trend of escalating cancer incidence
over nearly two decades, while the
decline in the death rate sustains a turn
around noted for the first time last year.
Moreover, preliminary findings from
1996 show that declines in both inci-
dence and death rates are continuing,
officials said.
"The chances of getting cancer are
declining, and the chances of dying from
cancer are declining even faster,' said
Dr. James Marks, an official at the
Centers for Disease Control and
Describing cancer as "one of the most
feared diseases, and rightfully so,"

Marks said that with the new statistic
"the burden of fear should begin to lift
Stressing that "behind the numbers a
peoples' lives," Dr. Richard Klausne
director of the National Cancer Institul
said that in 1995 alone, the trends nm
25,000 to 30,000 fewer cancer de
and 70,000 fewer new cancer cases.:
Children of working
parents stll poor
national economy has drawn millions
poor parents off of welfare and into jot
but many children still live in pover
according to an assessment of the Is
youngest poor released yesterday.
In 1996, the most recent year f
which data are available, 5.5 million ch
dren lived in poverty across the natic
and 63 percent of them lived in famili
with at least one working parent, accor
ing to Columbia University's respecti
National Center for Children in Povert
The number of poor children h
declined since peaking at 6.4 million
1993. 1

Episcopal (Anglican) Center
721 E. Huron St. (Behind Frieze Bild.)
Supper follows service
Retreats, Bible study, Service
Opportunities - Call 665-0606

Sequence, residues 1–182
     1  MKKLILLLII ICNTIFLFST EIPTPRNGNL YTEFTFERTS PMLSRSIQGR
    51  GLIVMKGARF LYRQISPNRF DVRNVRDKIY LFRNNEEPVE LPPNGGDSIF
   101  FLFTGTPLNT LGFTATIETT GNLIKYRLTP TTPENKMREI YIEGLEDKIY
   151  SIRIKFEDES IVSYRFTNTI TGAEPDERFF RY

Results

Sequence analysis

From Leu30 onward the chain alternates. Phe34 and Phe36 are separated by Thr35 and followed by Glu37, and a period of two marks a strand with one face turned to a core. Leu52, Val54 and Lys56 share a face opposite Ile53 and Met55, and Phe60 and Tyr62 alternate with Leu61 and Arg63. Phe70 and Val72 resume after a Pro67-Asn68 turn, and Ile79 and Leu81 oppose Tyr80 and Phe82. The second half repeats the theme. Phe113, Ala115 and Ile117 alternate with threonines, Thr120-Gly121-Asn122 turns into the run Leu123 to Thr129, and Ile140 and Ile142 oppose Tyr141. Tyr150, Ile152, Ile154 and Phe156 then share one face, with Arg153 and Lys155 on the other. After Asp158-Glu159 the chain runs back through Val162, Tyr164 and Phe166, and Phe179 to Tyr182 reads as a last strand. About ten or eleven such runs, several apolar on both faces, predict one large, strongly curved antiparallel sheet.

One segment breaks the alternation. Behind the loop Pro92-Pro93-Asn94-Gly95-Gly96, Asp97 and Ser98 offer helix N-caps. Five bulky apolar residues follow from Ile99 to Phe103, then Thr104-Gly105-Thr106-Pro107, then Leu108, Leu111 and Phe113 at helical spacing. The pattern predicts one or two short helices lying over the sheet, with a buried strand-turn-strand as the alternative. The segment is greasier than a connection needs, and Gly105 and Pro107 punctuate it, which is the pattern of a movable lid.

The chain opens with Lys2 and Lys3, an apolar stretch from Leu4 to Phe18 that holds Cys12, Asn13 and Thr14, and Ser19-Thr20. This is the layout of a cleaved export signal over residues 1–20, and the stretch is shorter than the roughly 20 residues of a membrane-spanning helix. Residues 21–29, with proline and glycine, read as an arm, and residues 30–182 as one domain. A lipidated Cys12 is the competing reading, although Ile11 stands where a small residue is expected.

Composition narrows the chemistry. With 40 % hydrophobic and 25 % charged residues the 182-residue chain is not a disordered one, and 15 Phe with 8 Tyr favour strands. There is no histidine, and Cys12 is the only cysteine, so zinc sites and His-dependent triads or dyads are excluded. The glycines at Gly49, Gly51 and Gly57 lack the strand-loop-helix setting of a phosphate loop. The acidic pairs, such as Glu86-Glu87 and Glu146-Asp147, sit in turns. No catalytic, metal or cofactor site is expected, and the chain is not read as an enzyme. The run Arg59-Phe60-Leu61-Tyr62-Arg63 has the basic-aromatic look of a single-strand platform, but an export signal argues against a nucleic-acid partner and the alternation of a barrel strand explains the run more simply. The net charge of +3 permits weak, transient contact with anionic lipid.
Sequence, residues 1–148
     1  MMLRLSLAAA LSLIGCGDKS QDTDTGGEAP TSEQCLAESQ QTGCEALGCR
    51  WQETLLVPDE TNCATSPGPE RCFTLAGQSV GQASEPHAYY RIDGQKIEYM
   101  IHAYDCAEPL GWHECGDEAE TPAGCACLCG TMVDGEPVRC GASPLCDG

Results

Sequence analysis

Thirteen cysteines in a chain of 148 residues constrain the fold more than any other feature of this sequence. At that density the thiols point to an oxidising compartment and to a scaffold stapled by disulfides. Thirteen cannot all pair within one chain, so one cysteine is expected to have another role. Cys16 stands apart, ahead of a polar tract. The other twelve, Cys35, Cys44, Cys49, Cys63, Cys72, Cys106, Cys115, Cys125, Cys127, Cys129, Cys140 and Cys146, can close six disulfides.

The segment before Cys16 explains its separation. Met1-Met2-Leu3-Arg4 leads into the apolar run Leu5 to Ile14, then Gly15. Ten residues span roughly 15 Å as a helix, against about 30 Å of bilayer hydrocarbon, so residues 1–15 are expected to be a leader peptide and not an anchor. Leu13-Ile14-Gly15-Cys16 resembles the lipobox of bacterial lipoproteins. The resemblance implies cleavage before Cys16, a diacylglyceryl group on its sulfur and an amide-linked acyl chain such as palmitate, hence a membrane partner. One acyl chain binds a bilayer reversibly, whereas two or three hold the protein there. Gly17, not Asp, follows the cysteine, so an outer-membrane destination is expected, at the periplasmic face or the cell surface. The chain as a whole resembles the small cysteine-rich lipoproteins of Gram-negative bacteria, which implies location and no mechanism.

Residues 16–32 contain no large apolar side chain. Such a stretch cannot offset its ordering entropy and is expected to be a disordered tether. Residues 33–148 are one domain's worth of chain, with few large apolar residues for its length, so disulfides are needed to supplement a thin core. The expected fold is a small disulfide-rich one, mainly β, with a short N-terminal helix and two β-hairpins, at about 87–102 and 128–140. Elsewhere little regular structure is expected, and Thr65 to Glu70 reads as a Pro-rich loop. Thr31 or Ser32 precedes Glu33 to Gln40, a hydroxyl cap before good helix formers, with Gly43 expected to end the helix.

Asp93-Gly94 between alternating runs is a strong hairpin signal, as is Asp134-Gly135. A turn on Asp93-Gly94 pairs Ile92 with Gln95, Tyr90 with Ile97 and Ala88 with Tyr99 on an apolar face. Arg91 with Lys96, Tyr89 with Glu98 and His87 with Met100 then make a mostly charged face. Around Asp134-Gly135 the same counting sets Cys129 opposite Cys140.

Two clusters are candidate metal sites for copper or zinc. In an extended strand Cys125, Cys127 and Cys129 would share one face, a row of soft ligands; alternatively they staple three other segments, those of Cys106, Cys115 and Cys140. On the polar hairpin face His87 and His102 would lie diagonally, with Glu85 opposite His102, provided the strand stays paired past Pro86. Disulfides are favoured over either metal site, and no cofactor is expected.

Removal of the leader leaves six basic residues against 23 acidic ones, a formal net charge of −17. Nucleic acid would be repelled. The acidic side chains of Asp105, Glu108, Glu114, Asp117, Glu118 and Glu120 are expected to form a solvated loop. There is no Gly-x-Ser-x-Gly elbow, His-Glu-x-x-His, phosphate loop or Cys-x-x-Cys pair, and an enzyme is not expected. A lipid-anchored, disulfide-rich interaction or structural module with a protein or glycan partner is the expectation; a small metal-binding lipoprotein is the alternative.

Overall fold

The Rev Matthew Lawrence, Chaplain
3301 Creek Dr. 971-9777
SUNDAY: 9:30 a.m. English
11 a.m. & 7:30 p.m. Korean
Lord of Light Lutheran Church
801 S. Forest (at Hill St.) 668-7622
SUNDAY:Worship at 10a.m.
TIRJ Faith and Fiction Group 7:00
John Rollefson, Campus Pastor
(Anglican Communion)
306 N. Division 663-0518
(2 blocks north and 1 block west
of intersection of Huron and State)
SUNDAY: Eucharists-8am and lOam
Adult Education-9am
Call for weekly service times,
to get on mailing list,
or if you have questions.
1511 Washtenaw, Near Hill
Pastor Ed Krauss, 663-5560
SUNDAY WORSHIP: 10:30 a.m.
Wed. LENT Vespers, 7 p.m.


Mllions granted
amnesty in S. Korea
SEOUL, South Korea - President
Kim Dae-jung, himself once impris-
oned for his political beliefs, granted
amnesty early this morning to some 5
million South Koreans, including six
elderly political prisoners.
But the country's leading civil rights
organization, Minkahyup, criticized the
action as inadequate, noting that most
of those affected were traffic offenders
and petty criminals.
Minkahyup had urged the president
to release some 500 inmates it
describes as "prisoners of conscience,"
including 23 long-term political prison-
But only 12 political prisoners were
released, including six the Justice
Ministry said were being freed because
they are 70 years old or older. All six
had been serving life terms and human
rights groups said all had been subject-
ed to torture, some for decades.
While the vast majority of those
affected by the amnesty simply had
their records wiped clean of traffic and

other minor offenses, 2,304 priso
inmates being held for more serio
crimes also were freed.
Mexican massacre*
planned in advance
MEXICO CITY - A pro-goverr
ment vigilante group plotted an attack o
the hamlet of Acteal for more than tw
months before gunning down 45 peopl
there, the Mexico attorney general
office said yesterday.
In a preliminary report on the ma
sacre in the southern state of Chiapa
agency said some state police office
apparently helped the attackers by .ian
porting automatic weapons in polic
The report indicates the conspiracy I
carry out the massacre was broader an
began earlier than officials had said.
More than 150 arrest orders have bee
issued in the Dec. 22 slayings in Actea
according to a the report, read at a new
conference by Deputy Attorney Genera
Jose Luis Ramos Rivera. He said 4o
of those sought remain at large.
- Compiled from Daily wire report


71rM h

n M